Consider a company with a very high ROE compared to their industry. They could, in fact, be outperforming the competition by a longshot. However, they could also just have very little equity to speak of. With high profits and low equity (the denominator in this equation), return on equity becomes distorted and doesn’t accurately show how that equity is being used to generate more revenue. 

If a company has also taken on a large amount of debt, this will also cause shareholder equity to shrink and ROE to shoot up in response. In this case again, a high ROE is not necessarily a sign of business health, so much as a response to a business decision. 

Businesses in the process of buying back shares will also show a higher-than-average ROE, as buying back shares also reduces shareholder equity overall. 

There are many reasons why a company’s ROE may beat the average or fall short of it. For that reason, investors will also often look at some complementary metrics to help understand the full picture of your business.  

Return on Equity vs. Return on Capital 

Return on capital (ROC) takes return on equity one step further. In addition to looking at a company’s shareholder equity, it also takes debt into consideration.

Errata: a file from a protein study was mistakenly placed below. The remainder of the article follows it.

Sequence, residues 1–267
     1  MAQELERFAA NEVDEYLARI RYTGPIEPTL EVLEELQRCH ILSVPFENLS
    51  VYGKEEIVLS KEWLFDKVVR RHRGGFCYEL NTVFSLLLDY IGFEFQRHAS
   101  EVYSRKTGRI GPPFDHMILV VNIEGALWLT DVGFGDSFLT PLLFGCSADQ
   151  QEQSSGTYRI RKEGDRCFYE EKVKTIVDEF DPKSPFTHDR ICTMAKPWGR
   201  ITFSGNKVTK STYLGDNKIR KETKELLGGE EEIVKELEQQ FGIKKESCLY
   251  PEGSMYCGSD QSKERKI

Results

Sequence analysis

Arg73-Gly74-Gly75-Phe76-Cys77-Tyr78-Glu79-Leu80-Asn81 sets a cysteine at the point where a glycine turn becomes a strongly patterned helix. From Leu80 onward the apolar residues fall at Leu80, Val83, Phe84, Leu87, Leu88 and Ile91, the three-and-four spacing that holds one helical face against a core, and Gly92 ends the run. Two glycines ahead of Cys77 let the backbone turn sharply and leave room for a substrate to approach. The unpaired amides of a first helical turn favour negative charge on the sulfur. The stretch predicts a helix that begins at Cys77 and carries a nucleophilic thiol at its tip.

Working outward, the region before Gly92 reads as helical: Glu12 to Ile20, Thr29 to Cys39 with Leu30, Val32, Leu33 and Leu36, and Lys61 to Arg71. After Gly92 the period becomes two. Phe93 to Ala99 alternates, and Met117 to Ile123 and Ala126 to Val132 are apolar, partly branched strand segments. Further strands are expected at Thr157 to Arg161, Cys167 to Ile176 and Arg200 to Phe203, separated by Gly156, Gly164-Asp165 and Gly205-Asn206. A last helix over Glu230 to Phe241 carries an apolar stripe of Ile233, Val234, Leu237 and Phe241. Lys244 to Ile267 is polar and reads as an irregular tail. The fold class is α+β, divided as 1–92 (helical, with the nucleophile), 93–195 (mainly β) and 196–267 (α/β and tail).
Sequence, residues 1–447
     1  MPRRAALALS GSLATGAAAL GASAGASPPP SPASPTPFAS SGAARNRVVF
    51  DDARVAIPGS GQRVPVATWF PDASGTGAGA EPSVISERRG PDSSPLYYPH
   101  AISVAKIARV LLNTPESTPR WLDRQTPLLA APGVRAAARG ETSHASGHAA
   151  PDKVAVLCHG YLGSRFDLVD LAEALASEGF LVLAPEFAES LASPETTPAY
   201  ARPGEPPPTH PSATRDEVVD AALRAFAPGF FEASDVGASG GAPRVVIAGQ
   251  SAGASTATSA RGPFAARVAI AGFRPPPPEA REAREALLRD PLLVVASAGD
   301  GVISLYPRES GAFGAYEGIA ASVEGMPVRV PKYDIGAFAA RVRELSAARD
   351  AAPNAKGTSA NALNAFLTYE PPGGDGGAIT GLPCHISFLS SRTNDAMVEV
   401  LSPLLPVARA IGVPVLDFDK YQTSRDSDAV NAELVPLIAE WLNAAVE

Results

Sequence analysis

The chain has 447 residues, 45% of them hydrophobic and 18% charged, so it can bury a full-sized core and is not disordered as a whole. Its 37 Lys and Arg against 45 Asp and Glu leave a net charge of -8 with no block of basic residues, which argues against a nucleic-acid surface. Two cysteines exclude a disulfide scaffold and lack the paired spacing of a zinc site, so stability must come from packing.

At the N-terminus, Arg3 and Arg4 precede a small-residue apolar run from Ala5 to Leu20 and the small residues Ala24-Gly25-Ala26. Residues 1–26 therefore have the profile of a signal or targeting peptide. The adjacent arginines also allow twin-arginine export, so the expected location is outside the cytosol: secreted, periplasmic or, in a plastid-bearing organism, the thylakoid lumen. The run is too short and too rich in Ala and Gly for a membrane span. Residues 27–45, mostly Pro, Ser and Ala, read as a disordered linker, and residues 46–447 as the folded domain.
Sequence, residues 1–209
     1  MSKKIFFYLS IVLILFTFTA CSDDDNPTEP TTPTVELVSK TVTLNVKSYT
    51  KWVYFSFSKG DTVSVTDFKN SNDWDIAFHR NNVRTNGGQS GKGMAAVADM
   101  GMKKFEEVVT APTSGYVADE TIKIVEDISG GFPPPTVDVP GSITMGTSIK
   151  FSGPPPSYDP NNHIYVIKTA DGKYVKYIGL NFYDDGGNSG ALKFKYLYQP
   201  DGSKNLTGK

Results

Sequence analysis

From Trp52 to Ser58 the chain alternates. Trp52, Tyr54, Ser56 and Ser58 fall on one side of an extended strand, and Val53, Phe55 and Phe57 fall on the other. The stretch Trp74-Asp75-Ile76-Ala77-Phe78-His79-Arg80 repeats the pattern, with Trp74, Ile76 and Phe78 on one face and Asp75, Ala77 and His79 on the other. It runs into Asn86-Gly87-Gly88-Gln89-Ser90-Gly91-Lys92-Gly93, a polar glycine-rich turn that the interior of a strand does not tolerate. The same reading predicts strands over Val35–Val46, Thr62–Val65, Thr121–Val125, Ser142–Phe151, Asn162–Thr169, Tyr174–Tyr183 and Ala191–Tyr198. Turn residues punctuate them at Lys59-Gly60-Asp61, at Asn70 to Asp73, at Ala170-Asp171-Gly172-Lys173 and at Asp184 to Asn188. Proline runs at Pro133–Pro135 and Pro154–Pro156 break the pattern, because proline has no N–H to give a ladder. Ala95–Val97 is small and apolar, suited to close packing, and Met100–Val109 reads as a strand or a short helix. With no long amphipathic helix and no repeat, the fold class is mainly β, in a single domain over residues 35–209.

The calculation for ROC is: 

Return on Capital = Net Income / (Shareholder Equity + Debt)

This calculation allows investors to see if debt is behind an abnormally high ROE. If a company brings in $200,000 in revenue for example and has $1M in equity, the return on equity would be 20%. 

If that same company also has $600,000 in debt, their return on capital would be 12.5%. Looking at these two metrics together helps investors get a better idea of the full picture of the business. 

Scalefactor eBook cover image

Get Your Financial Statements Cheat Sheets

Learn how to read your statements at a glance.

Return on Equity vs. Return on Assets 

Return on Assets (ROA) adds another layer to understanding the health of a business. Total assets includes everything that the company possesses, whether or not they own them outright. This can include company vehicles, equipment, or simply cash. ROA, therefore, shows investors how a company is putting those resources they possess to use in order to drive profit. 

The calculation looks like this: 

Return on Assets = Net Income / Total Assets 

Total assets is also found on the balance sheet. It’s the other half of the accounting equation (Assets = Liabilities + Equity). Remember: because it lives on the balance sheet, which does not show change over time, you’ll need to average assets over the period in question or remain consistent about using total asset numbers from the start or end of the period. 

This calculation is often more helpful to internal team members than it is to shareholders, who are more concerned with seeing returns on the money they’ve invested. However, companies should keep a close eye on both ROE and ROC to ensure they remain appealing to investors.